What is Kidney Dysplasia?
Kidney dysplasia means that a kidney does not develop completely in the uterus. The affected kidney has no normal function – that is, it does not work as well as a normal kidney. It is usually smaller than usual and may have some cysts, which are like sacks filled with liquid.
Causes of Kidney Dysplasia
Kidney dysplasia can be caused by the exposure of the mother to certain medications or by genetic factors. Pregnant women should talk with their doctors before taking any medication during their pregnancy. Medications that can cause kidney dysplasia include prescription drugs, such as seizures and blood pressure medication drugs called angiotensin converting enzyme (ACE) inhibitors and angiotensin receptor blockers (ARBs). A mother’s use of illegal drugs such as cocaine can also cause kidney dysplasia in her unborn child.
Kidney dysplasia can also have genetic causes. The disorder appears to be an autosomal dominant feature, which means that a parent can pass the trait to a child. If kidney dysplasia is detected in a child, an ultrasound examination can reveal the condition in one of the parents.
Several genetic syndromes that affect other body systems can cause kidney dysplasia as a part of the syndrome. A syndrome is a group of symptoms or conditions that can be unrelated but have the same cause – usually a genetic cause. A baby with renal dysplasia could also have problems of the digestive tract, the nervous system, the heart and the blood vessels, the muscles and the skeleton or other parts of the urinary tract.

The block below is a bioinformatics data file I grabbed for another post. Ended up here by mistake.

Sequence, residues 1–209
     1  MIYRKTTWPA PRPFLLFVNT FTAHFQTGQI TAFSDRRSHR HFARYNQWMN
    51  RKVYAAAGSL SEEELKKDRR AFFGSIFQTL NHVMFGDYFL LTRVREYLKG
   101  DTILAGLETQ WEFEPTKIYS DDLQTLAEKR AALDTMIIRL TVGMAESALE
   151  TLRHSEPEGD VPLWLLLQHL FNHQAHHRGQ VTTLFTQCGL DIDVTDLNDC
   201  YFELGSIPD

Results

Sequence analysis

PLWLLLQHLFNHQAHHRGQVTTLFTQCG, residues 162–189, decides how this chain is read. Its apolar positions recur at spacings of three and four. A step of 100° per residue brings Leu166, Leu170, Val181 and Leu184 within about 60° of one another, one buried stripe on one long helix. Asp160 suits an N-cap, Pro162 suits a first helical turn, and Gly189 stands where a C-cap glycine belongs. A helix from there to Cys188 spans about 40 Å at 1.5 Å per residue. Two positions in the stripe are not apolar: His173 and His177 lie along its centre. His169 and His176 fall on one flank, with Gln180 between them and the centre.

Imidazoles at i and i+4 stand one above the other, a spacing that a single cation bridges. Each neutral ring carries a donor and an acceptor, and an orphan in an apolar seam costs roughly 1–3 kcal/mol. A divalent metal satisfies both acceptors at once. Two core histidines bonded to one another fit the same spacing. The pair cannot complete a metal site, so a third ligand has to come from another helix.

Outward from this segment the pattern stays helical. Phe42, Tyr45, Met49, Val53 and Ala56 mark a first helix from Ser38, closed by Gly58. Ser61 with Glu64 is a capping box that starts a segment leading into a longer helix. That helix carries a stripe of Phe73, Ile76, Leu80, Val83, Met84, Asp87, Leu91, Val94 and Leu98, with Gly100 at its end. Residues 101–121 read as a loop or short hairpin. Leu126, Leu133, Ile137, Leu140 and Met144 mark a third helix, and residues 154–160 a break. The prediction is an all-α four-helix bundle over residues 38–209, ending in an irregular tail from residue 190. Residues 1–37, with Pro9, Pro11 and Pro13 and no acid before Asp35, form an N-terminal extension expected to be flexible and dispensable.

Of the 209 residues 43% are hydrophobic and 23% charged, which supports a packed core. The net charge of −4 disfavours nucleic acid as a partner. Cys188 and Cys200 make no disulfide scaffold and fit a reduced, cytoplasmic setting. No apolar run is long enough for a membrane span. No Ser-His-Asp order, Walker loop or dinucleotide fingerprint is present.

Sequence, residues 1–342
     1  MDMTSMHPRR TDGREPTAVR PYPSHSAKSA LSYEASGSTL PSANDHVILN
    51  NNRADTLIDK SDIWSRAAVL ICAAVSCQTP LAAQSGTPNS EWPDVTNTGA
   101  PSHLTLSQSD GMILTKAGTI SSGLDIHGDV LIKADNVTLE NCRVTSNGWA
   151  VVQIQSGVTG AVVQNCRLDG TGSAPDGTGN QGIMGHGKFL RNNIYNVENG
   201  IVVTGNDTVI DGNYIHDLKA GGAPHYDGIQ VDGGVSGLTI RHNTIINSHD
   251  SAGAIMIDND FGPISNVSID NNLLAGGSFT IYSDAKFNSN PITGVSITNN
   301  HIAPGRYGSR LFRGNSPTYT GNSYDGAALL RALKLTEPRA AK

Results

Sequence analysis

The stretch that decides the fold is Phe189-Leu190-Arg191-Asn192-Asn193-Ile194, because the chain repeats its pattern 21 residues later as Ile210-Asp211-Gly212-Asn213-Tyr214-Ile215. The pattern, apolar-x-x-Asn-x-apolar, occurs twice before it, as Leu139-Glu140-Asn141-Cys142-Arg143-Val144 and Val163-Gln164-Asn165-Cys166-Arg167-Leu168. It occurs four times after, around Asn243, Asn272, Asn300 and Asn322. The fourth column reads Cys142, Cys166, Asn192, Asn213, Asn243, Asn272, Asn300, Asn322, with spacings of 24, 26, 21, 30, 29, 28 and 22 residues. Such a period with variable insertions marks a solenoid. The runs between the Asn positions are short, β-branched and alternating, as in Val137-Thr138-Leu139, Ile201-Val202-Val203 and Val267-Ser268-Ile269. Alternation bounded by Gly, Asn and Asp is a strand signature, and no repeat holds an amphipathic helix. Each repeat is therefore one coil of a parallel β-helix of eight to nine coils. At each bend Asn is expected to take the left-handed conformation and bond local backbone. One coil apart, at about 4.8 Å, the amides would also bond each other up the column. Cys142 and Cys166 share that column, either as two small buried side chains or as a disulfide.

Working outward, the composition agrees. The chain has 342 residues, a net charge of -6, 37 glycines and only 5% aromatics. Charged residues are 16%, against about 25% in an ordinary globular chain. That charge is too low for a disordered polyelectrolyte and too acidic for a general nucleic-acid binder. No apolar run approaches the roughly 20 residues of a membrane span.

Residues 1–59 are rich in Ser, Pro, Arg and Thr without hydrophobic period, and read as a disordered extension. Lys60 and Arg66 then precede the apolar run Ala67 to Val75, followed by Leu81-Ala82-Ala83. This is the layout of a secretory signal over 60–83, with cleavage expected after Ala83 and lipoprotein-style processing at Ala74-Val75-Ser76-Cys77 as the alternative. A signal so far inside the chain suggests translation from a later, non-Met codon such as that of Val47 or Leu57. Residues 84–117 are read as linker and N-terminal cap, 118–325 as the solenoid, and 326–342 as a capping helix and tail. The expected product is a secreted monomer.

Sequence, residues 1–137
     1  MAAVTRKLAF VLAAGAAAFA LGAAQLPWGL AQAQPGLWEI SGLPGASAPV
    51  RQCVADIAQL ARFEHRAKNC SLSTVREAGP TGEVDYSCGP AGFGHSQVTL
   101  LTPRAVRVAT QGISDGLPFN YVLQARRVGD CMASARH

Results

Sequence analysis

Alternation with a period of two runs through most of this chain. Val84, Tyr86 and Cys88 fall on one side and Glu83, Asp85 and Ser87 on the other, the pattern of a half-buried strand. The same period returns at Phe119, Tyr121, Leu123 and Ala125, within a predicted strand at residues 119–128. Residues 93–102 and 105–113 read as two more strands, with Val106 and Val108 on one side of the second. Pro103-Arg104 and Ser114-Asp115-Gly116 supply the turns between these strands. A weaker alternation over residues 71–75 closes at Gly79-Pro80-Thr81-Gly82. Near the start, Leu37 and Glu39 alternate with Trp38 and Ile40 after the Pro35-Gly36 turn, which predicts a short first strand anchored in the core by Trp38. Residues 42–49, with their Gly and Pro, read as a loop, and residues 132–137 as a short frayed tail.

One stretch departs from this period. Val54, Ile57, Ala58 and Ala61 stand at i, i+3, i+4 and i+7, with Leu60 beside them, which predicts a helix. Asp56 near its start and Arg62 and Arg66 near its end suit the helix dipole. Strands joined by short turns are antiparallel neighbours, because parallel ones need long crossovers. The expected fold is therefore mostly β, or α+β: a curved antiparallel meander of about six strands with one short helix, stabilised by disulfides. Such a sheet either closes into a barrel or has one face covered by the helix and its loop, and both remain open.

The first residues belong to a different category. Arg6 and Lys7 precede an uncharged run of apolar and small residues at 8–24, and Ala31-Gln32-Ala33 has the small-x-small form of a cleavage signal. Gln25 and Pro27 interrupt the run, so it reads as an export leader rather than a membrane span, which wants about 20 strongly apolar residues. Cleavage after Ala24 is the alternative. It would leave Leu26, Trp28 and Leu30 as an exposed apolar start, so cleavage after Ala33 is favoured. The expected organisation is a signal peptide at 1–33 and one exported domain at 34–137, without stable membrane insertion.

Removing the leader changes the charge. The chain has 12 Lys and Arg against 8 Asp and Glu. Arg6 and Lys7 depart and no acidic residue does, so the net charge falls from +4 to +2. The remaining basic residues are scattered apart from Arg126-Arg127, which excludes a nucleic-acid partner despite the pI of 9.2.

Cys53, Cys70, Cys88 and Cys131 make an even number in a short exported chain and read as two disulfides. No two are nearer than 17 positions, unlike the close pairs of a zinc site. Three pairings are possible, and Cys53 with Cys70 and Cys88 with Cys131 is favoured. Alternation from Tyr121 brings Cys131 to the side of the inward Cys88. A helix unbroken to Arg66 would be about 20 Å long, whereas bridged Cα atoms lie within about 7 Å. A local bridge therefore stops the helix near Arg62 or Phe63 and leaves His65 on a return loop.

Symptoms of Kidney Dysplasia
Many babies with kidney dysplasia in only one kidney have no signs of the condition. In some cases, the affected kidney may be enlarged at birth and may cause pain.
Diagnosis of Kidney Dysplasia
- Monitoring should include blood pressure checks, kidney function tests, and urine testing for protein.
- Periodic ultrasound can be used to make sure the other kidney continues to grow normally and no other problems develop.
Treatment of Kidney Dysplasia
If the condition is limited to one kidney and the baby has no signs of kidney dysplasia, no treatment may be necessary. However, the baby should have regular checkups that include
- Checking blood pressure.
- Testing blood to measure kidney function.
- Testing urine for albumin, a protein most often found in blood. Albumin in the urine may be a sign of kidney damage.
- Performing periodic ultrasounds to monitor the damaged kidney and to make sure the functioning kidney continues to grow and remains healthy.
By : Natural Health News